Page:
Penticton gathering opinions from residents

The City of Penticton has launched their citizen survey for 2013

For the second year in a row, Penticton residents are getting an opportunity to tell city hall how they think the city should be run.

To be sure, most residents don’t wait for a special invitation to tell the municipal government what they think, but this opportunity is in the form of the second annual citizen satisfaction survey.

Over the next two weeks the city has contracted a survey company to phone 400 random residents and ask them questions relating to quality of life, satisfaction with city services, preferred communications channels and what they would advise the city do when facing budget demands.

The questions on the 2013 survey will be similar to last year, according to communications officer Simone Blais.

“There are a few additions, nothing too dramatic,” said Blais.

“Questions about the waterfront, for example, were less of a priority this time around and there are some additions with respect to downtown revitalization.

“I think we are generally getting a sense of what the community would like to see.”

It was important to keep the surveys similar, Blais said, so they would be able to make comparisons to the baseline created last year.

“This year will be interesting,” she said.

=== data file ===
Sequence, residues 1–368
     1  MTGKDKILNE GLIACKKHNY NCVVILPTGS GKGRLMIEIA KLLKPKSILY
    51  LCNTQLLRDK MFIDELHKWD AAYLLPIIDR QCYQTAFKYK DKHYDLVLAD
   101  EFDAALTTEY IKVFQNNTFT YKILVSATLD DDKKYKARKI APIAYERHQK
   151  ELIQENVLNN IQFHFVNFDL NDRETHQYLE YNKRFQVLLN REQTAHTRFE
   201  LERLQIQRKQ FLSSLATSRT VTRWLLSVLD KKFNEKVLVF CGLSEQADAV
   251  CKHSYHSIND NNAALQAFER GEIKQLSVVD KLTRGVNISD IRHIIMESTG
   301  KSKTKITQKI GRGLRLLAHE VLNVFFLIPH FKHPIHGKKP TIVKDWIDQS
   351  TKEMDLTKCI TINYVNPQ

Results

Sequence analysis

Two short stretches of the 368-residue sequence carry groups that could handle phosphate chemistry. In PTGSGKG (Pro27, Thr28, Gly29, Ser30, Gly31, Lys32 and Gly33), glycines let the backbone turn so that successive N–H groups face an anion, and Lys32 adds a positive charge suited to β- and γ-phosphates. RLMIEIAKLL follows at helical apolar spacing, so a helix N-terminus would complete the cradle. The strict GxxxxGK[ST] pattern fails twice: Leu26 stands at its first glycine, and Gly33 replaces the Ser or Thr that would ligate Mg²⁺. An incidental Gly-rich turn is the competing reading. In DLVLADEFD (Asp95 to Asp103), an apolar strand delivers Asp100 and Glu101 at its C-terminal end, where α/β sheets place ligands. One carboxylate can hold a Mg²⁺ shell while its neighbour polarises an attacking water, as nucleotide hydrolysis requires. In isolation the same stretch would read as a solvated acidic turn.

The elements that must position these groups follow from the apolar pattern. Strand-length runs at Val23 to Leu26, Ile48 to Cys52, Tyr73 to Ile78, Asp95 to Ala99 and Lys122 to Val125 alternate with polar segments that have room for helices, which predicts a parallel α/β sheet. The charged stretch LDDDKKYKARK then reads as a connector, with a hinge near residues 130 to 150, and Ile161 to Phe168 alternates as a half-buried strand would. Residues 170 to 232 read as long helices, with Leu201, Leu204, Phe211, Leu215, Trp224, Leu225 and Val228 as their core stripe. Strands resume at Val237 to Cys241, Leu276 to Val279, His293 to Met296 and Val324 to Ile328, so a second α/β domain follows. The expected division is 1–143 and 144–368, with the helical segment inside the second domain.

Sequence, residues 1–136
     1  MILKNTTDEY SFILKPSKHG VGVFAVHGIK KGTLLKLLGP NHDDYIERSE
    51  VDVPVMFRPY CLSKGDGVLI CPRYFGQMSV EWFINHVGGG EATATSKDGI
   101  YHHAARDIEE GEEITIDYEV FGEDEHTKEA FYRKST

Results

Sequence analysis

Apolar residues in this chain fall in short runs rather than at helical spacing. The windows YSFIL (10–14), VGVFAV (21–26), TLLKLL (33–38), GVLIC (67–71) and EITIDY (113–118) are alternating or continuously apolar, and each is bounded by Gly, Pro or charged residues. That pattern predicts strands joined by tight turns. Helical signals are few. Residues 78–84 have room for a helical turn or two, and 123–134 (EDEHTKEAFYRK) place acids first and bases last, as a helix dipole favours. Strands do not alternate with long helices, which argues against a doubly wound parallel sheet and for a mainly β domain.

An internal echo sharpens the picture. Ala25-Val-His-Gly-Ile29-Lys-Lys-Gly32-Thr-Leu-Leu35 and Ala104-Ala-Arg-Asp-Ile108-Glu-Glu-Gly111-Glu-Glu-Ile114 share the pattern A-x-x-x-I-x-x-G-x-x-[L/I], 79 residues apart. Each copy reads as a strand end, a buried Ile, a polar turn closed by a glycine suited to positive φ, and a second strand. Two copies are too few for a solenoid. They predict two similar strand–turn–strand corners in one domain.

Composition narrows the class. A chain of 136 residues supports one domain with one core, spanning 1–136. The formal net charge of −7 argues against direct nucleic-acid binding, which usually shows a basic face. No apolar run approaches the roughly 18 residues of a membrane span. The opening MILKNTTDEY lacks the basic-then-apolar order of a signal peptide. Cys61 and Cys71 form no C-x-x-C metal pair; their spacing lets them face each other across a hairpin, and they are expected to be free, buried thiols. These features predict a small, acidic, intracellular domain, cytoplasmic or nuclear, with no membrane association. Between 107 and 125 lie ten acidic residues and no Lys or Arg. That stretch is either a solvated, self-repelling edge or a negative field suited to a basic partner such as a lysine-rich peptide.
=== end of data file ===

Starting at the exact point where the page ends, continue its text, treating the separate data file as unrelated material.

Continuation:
“It is the first year we are going to have comparative data.

“So if we see improvements or areas that need improvement, that is something we are really curious about.”

Residents who are not contacted by phone can also fill out the survey online at www.surveymk.com/s/Penticton_2013 until Sept. 23.

Blais said Discovery Research, the company contracted to do the survey in 2012, was surprised that 477 people were willing to fill out the online survey.

“Our community seems to take well to online initiatives. “I am hoping they still come out and let us know what they think,” said Blais, who is hoping for an even larger online sample this year.

The survey is a valuable tool, especially with the 2014 budget deliberations coming up this fall, according to Blais.

Results of the survey are used by city staff and council to determine community priorities, and whether a project has wide backing or is only supported by a few residents.

“This survey is part of the City of Penticton’s continuing effort to seek input from the public in pursuit of service excellence,” said deputy mayor Wes Hopkin.

“Understanding how the City of Penticton is serving its residents helps the organization plan and budget appropriately.”

The full report from last year’s survey, including the online survey results, is available on the City of Penticton’s website, www.penticton.ca, by searching “2012 Penticton Citizen Survey.”

 

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